Journal of Signal Processing Systems

, Volume 77, Issue 3, pp 257–280 | Cite as

Self-Adapting Resource Escalation for Resilient Signal Processing Architectures

  • Naveed Imran
  • Ronald F. DeMara
  • Jooheung Lee
  • Jian Huang
Article

Abstract

To deal with susceptibility to aging and process variation in the deep submicron era, signal processing systems are sought to maintain quality and throughput requirements despite the vulnerabilities of the underlying computational devices. The Priority Using Resource Escalation (PURE) online resiliency approach is developed herein to maintain throughput quality based on the output Peak Signal-to-Noise Ratio (PSNR) or other health metric. PURE is evaluated using an H.263 video encoder and shown to maintain signal processing throughput despite hardware faults. Its performance is compared to two alternative reconfiguration algorithms which prioritize the optimization of the number of reconfiguration occurrences and the fault detection latency, respectively. For a typical benchmark video sequence, PURE is shown to maintain a PSNR baseline near 32dB. Compared to the alternatives, PURE maintains a PSNR within a difference of 4.02dB to 6.67dB from the fault-free baseline by escalating healthy resources to higher-priority signal processing functions. The diagnosability, reconfiguration latency, and resource overhead of each approach is analyzed. The results indicate the benefits of priority-aware resiliency over conventional redundancy in terms of fault-recovery, power consumption, and resource-area requirements.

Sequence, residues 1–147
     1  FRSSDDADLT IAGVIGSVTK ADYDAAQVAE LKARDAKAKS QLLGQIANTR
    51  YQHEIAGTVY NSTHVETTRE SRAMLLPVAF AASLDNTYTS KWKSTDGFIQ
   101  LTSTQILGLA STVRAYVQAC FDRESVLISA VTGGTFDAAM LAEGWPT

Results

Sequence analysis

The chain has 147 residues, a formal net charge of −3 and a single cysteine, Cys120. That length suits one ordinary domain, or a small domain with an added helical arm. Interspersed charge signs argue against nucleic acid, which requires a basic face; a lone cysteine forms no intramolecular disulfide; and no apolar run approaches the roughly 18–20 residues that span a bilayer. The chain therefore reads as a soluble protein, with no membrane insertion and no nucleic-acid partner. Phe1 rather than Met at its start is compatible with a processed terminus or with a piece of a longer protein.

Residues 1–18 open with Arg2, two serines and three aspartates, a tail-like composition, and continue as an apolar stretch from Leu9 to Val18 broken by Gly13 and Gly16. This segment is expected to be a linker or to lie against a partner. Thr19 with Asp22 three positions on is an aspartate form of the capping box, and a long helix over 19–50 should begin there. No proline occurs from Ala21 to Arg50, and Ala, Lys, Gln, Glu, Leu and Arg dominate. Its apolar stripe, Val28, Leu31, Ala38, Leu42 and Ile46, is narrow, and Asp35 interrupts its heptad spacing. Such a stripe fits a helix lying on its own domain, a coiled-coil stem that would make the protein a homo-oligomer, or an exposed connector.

Keywords

Survivability Reconfigurable hardware for video compression Semiconductor aging Process variations Autonomous recovery Mission-critical systems FPGAs 

NOTATIONS

G(V,E)

An undirected graph, where V is the set of all nodes, E is the set of edges

C

Connectivity matrix

C(t)

Connectivity C at time instant t

\(\mathbf {\Psi }\)

Syndrome Matrix

\(\Phi \)

Fitness State Vector

\(\hat {\Phi }\)

Estimated Fitness State Vector

P

Priority Vector

t(G)

Diagnosability of G

d(G)

Average degree of a node in G

\(V_{a}\)

Set of active nodes

\(V_{s}\)

Set of Reconfigurable Slack (RS) to diagnose the active nodes by comparison-based diagnosis

\(V_{h}\)

Set of healthy nodes

\(V_{NMR}\)

Set for N-Modular Redundancy checking

M

Number of PRRs

N

Total number of nodes

\(N_{a}\)

Number of nodes in the datapath (i.e., \(|V_a|\))

\(N_{s}\)

Number of Reconfigurable Slacks (i.e., \(|V_s|\))

\(N_{d}\)

Number of defectives

r

Testing arrangement instance (may involve multiple reconfigurations)

s

Slack update instance (a slack is reconfigured with some function)

t

Time instant

\(T_{recon}\)

Reconfiguration Time

\(T_{eval}\)

Evaluation window period

F

Functions assignments vector

\(F^{*}\)

Solution vector F after recovery

\(T_{d}\)

Latency of fault detection

\(T_{diag}\)

Latency of fault diagnosis

\(T_{rec}\)

Recovery time

\(N_{r}\)

Number of testing arrangement instances before the diagnosis completes

\(N_{sup}\)

Number of slack updates

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Copyright information

© Springer Science+Business Media New York 2013

Authors and Affiliations

  • Naveed Imran
    • 1
  • Ronald F. DeMara
    • 1
  • Jooheung Lee
    • 2
  • Jian Huang
    • 3
  1. 1.Department of Electrical Engineering and Computer ScienceUniversity of Central FloridaOrlandoUSA
  2. 2.Department of Electronic and Electrical EngineeringHongik UniversitySejongKorea
  3. 3.Advanced Micro Devices (AMD)SunnyvaleUS

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